develop the idea and motivate people to get involved.

Regular meetings and workshops provide opportunities for people to participate
throughout the development process. These are advertised via the ELFM mailing
list and on the website. The emphasis at these meetings is on activity and
everyone is encouraged to get involved with practical tasks such as making
recordings and generating ideas and plans for the event.

Heads try to keep a creative spirit going throughout the life of a project, making
sure that the plans are always open and flexible enough to incorporate new
people and their ideas, right up to the point where the projects are happening.

Leadership and management

The leadership and management of Heads Together is an interesting balance
between creative leadership, and the commitment to open, participatory
processes where all participants are empowered to contribute to the processes of
the organisation.

Heads Together currently has two members and is recruiting a third.

Adrian Sinclair is Creative Director. Adrian has an eclectic background, starting
out in rugby and engineering, then training in theatre and dance. He was one of
the founders of the company in 1985. His current creative practice is focussed on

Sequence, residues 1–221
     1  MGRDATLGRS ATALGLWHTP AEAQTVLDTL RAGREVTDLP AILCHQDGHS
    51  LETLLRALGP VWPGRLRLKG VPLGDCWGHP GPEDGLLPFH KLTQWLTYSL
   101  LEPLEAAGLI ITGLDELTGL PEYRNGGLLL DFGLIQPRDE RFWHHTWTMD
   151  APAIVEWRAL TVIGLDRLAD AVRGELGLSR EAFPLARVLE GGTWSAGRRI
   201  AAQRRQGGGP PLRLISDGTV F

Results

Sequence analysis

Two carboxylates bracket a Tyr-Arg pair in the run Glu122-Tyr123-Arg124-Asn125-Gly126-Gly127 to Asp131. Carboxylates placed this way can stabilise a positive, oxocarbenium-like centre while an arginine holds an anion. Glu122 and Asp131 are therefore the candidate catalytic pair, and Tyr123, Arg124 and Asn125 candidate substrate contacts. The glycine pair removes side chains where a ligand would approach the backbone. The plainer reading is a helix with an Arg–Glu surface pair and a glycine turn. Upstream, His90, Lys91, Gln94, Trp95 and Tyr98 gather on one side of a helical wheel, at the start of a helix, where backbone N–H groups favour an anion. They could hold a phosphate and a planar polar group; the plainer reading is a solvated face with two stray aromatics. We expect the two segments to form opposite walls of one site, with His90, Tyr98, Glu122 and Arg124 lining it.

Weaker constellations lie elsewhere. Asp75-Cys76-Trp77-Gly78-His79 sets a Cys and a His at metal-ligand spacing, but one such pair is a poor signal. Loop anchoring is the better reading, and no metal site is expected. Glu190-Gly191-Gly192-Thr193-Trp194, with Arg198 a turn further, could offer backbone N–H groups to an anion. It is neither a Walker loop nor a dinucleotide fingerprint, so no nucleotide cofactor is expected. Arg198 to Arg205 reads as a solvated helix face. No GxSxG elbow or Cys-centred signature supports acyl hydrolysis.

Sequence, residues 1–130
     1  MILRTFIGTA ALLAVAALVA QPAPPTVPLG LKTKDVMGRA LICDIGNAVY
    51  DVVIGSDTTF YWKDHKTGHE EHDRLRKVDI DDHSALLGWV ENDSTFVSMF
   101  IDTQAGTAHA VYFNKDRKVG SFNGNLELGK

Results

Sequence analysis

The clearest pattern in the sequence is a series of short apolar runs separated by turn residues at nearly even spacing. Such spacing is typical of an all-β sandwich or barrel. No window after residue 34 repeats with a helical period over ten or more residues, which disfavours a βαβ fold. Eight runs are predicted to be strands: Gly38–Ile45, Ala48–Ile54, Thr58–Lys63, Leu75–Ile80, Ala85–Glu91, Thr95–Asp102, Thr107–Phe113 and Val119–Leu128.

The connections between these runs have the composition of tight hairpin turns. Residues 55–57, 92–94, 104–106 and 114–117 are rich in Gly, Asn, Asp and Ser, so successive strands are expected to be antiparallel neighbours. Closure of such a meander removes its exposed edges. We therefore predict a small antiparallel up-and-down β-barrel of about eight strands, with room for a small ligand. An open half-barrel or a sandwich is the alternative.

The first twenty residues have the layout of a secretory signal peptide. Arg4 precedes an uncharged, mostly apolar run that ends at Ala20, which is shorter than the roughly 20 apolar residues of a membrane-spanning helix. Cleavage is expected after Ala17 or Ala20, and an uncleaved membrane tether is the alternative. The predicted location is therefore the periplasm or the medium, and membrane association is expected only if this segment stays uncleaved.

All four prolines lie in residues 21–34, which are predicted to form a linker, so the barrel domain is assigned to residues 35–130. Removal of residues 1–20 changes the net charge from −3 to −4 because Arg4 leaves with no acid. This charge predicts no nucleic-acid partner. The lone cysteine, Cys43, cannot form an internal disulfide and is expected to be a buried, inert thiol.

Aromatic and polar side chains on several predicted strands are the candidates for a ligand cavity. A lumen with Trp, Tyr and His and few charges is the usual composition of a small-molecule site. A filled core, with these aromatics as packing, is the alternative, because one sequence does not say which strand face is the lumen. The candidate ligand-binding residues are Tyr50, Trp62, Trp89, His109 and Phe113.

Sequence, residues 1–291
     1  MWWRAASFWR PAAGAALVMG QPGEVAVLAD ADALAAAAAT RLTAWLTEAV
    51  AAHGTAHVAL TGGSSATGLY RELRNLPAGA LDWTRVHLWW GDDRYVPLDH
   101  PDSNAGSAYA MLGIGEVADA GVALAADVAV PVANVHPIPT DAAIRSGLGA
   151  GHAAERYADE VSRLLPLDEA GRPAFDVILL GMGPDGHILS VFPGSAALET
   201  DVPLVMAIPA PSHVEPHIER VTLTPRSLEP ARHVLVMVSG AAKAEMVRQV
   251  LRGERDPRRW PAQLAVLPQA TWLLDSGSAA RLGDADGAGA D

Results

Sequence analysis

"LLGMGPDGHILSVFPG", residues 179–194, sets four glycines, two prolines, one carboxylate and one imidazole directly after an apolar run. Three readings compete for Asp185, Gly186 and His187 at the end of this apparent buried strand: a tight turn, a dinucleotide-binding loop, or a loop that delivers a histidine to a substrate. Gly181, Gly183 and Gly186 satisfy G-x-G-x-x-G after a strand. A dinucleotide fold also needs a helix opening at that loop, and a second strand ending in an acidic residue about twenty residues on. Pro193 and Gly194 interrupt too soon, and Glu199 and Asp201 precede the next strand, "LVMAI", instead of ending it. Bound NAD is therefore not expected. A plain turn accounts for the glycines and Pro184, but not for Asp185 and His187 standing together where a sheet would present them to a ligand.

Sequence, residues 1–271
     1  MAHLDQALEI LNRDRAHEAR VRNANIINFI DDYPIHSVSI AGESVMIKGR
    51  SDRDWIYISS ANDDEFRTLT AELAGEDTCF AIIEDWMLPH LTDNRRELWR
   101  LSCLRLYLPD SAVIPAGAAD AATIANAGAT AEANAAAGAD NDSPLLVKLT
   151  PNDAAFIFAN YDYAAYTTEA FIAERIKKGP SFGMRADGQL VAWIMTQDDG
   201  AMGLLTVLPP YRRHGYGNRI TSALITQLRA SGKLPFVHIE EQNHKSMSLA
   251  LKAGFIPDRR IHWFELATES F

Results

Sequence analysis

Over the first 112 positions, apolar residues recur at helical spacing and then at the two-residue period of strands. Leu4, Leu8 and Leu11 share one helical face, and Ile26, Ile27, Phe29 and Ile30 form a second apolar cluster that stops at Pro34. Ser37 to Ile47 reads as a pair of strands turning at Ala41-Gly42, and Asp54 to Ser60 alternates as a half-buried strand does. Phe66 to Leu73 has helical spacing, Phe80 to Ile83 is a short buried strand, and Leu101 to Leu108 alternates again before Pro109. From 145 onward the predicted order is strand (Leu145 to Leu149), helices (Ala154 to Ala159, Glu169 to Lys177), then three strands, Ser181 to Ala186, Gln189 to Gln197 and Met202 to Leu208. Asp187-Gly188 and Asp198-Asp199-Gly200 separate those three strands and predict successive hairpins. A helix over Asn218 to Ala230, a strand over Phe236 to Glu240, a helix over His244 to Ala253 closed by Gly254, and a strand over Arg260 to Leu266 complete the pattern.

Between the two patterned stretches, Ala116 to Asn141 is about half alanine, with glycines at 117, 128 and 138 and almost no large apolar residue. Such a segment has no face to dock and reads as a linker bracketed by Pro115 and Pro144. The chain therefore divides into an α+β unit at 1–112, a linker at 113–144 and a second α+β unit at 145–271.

film and radio. He designs and manages projects.

Linda Strudwick is Development Director. Linda has a background in media work,
funding and training. She joined the company in 1998 and is responsible for
developing new strategies for Heads Together, particularly with respect to
funding.

Until recently Heads Together was a workers co-operative. The International Co-
operative Alliance (2007) describe a co-operative as

‘An autonomous association of persons united voluntarily to meet their common
economic, social, and cultural needs and aspirations through a jointly-owned and
democratically-controlled enterprise.’

Under this structure the company grew to eight members. In practice this meant
that all members of Heads Together shared responsibility for decision making
within the organisation. This worked well in periods of stability when funding was
secure and the company was prosperous, but not as well when the company was
under pressure and difficult decisions needed to be made (for example in relation